Monday, July 13, 2009

Fiction: The Best of Men by Claire Letemendia

Even in a season reasonably stuffed with weighty works of historical fiction, The Best of Men (McClelland & Stewart) stands out. Debut author Claire Letemendia has the right sort of academic pedigree to get the details right in her vast epic tale of England in the middle of the 17th century. But even with a doctorate in Political Theory, Letemendia doesn’t write like an academic. Rather, she drops us deftly right into the center of her story and we find ourselves in England in 1642, with Laurence Beaumont, newly returned from the wars that have changed the map of Europe.

For all of Letemendia’s knowledge and the intricacies of her plotting here, there are times when the reader is aware of every single one of the book’s nearly 700 pages. The reduction -- or even elimination -- of some of the less important storylines would have created a more tense, exciting read. As it stands, there are times when the action seems to come almost to a standstill.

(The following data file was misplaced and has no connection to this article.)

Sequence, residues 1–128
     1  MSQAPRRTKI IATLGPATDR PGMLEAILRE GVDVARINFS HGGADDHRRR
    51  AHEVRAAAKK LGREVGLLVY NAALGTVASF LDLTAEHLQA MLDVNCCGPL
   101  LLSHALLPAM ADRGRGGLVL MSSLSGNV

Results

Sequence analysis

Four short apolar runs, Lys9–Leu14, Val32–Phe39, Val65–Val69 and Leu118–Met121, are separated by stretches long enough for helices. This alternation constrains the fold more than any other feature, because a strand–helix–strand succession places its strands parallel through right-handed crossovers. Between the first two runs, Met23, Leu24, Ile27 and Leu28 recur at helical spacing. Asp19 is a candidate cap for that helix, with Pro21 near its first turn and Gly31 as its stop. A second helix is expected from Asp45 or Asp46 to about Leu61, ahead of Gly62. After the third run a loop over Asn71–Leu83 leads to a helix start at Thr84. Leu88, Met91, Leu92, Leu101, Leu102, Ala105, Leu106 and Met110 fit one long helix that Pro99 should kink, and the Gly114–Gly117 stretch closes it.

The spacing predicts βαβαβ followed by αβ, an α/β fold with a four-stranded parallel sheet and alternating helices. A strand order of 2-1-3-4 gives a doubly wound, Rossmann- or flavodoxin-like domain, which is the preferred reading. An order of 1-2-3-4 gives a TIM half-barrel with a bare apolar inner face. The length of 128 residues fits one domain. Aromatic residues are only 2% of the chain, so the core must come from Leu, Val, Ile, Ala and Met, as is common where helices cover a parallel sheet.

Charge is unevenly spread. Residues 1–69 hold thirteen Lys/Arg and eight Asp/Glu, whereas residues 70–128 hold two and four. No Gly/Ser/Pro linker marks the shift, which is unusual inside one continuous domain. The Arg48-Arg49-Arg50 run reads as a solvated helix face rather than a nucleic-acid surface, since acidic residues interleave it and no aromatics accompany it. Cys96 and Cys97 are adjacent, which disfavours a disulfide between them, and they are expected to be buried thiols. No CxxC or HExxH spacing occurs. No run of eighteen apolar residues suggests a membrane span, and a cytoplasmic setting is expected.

Fortunately, the bogged down moments in The Best of Men are infrequent and, for the most part, the reader is swept away in the world Letemendia shares. And that’s a good thing as The Best of Men won’t be a one-off: the author has promised a trilogy.

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